Paris – France formally recognised Thursday the French military’s systemic use of torture in the Algerian War in the 1950s and 1960s, an unprecedented step forward in grappling with its long-suppressed legacy of colonial crimes.
President Emmanuel Macron announced his watershed decision in the context of a call for clarity on the fate of Maurice Audin, a Communist mathematician and anti-colonial militant who was tortured by the French army and forcibly disappeared in 1957, in the midst of Algeria’s bloody struggle for independence from France.
Audin’s death is a specific case, but it represents a cruel system put in place at the state-level, the Elysee Palace said. “It was nonetheless made possibly by a legally instituted system: the ‘arrest-detention’ system, set up under the special powers that been entrusted by law to the armed forces at that time,” a statement by Macron’s office said.
Benjamin Stora, a leading French historian of Algeria who has authored more than 20 books on the subject, said that Macron’s decision represented a step away from “the silence of the father” that has characterised France’s relationship to its colonial past for decades.
“It permits us to advance,” he told The Washington Post. “To exit from denial and to advance in the service of truth.” Stora was due to accompany Macron on Thursday afternoon on an official visit to Audin’s widow, Josette Audin, now 87.
Macron, 40, has shown a rare willingness to wade into the memory of Algeria, arguably the most sensitive chapter in the French experience of the 20th century and one that has had a profound influence on the country’s current political institutions.
Conquered by France in 1837, Algeria was a colony but also cast as an integral part of the country. By the 1950s, it was home to millions of French settlers, and when France was forced to give up overseas possessions in West Africa and Southeast Asia, it always held on tightly to Algeria.
When the country revolted in 1954, the suppression was savage.
The shadow of the Algerian war on French society has often been compared to that of Vietnam in the US, but even more divisive.
On a visit to Algeria in February 2017, Macron, then a presidential candidate, went so far as to call French colonialism “a crime against humanity,” a remark that reignited a bitter national debate.
In addition to recognising state-authorised torture, Macron also called for the opening of archives concerning those who disappeared, such as Audin.
“A general dispensation, by ministerial decree, will be granted so that everyone – historians, families, associations – can consult the archives for all those who disappeared in Algeria,” the statement read. “We’re putting the issue of the missing in the centre.”
Macron’s decision drew immediate hopeful comparisons to the last time a French president publicly atoned for the sins of the past – Jacques Chirac’s 1995 apology for France’s collaboration in the Holocaust, specifically in facilitating roundups of its own citizens who were then handed over to the Nazis.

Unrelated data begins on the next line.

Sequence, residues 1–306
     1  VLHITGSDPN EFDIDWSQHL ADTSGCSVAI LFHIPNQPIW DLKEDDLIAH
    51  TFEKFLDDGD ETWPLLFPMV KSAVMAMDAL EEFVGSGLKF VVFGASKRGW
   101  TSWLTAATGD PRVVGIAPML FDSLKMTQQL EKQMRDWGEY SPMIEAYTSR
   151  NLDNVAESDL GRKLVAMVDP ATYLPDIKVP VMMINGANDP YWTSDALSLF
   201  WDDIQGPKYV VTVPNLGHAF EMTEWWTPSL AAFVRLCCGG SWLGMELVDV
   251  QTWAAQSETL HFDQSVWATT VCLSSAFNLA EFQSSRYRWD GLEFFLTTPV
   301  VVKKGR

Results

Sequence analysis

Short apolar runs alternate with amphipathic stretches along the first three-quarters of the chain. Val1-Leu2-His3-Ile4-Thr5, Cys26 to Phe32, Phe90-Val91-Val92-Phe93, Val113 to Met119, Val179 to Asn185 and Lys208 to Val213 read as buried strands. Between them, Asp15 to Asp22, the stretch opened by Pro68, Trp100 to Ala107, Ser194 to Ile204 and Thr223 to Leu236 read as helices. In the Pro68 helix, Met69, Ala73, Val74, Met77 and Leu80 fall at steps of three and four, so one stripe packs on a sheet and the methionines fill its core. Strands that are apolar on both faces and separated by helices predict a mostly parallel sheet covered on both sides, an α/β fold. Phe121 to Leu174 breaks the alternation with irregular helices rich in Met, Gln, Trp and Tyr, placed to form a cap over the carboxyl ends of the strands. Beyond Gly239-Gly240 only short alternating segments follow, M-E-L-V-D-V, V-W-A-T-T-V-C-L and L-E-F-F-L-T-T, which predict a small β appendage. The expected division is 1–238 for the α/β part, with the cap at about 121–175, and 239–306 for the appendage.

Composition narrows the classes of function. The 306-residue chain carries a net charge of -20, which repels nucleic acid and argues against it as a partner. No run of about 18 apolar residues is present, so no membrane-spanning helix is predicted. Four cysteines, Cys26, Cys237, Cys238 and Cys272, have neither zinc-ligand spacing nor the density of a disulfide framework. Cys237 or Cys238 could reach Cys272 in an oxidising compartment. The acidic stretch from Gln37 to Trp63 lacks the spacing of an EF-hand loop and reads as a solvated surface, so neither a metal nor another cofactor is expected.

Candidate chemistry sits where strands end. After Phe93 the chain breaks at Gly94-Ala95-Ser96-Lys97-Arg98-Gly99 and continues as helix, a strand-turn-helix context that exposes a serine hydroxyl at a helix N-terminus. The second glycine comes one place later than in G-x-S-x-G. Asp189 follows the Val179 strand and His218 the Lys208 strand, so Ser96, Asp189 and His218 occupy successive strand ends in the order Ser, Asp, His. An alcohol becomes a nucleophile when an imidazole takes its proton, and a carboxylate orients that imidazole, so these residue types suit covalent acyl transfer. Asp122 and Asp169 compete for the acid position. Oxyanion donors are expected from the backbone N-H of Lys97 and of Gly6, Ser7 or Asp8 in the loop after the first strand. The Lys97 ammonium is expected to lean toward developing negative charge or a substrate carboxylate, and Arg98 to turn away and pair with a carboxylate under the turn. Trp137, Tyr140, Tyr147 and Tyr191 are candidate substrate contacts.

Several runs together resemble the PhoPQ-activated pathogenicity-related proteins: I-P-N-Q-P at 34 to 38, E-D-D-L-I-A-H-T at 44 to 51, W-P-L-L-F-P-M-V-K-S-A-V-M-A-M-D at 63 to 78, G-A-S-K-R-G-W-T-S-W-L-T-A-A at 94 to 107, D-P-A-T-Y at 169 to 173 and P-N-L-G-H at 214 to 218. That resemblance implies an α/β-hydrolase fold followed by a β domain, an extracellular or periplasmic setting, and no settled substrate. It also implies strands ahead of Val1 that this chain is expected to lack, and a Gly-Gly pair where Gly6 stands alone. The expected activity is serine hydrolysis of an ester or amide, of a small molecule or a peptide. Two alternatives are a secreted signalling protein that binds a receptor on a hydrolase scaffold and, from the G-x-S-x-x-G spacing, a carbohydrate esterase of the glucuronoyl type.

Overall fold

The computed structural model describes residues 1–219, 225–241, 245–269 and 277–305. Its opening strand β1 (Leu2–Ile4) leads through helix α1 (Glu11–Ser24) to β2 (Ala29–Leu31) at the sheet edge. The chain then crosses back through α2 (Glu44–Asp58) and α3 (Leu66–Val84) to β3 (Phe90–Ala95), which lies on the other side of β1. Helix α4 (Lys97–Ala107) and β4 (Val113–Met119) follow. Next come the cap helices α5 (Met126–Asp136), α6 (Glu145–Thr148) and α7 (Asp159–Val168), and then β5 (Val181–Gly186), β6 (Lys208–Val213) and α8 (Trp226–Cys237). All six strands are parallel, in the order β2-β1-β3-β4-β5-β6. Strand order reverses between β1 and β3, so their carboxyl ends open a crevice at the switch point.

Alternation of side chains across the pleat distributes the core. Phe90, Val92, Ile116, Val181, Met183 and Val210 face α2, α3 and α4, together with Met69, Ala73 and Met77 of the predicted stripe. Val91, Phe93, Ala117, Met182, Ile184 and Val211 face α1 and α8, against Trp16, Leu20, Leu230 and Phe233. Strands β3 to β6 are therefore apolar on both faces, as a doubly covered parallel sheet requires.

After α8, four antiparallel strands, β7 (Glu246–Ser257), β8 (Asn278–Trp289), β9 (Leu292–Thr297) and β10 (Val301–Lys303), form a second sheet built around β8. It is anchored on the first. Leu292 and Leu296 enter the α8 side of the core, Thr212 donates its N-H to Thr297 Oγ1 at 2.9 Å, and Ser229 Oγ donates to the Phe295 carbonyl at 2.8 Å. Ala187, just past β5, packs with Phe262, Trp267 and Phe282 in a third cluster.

Chirac’s speech represented a major shift in the way the French public and political establishment understood its past. In the years that followed, a more nuanced picture of France’s role in the Holocaust was taught in national schools, and memorials were erected around the country, including a prominent Holocaust memorial museum in central Paris.
Some wonder if similar action on Algeria, once unthinkable, could now be in the cards.
The two events are vastly different, said Stora, who was born in Algeria in 1950 to a Jewish family that then left for France in 1962, in the midst of the upheaval. But Macron’s decision nevertheless presented many former colonial subjects, he noted, including French Muslims of Algerian origin, “the sentiment of being respected in their history.”
“It will be very difficult for political successors to walk this back,” Stora said.
For Yasser Louati, a Muslim community organiser and prominent activist against Islamophobia in France, Macron’s decision is a “historic moment” but one that does not go far enough.
If the French president has now drawn attention to colonial crimes that occurred in Algeria, there is still a reluctance to confront the legacy of colonial violence that occurred in France itself, such as the brutal October 1961 massacre by French police of pro-independence Algerian protesters in Paris.
Historians estimate that as many as 200 were killed in that event, but the exact figure remains unclear.
“We also have to deal with the legacy of the colonial era,” Louati said, referring to how the war shaped repressive aspects of country’s institutions.
France’s current system of government came into being in 1958, in the middle of the Algerian War, and entirely in response to an attempted coup by a group of French generals in Algiers.
The whole political system in fact has grown out of the trauma of that time.
Despite his rhetoric, Macron has hardly shied away from using these colonial-era executive powers as his president, and at other points in his presidency has relied on security provisions that stem from Algeria, notably the “state of emergency” put in place after recent terrorist attacks.
Among other things, the provision, which dates from 1955, gives French authorities the power to place terrorism suspects under house arrest without warrants, which critics and activists said led to French police detaining French Muslims with impunity.
Macron’s administration successfully enshrined portions of these colonial-era emergency provisions into everyday French law. The original emergency provisions were initially intended to be only temporary.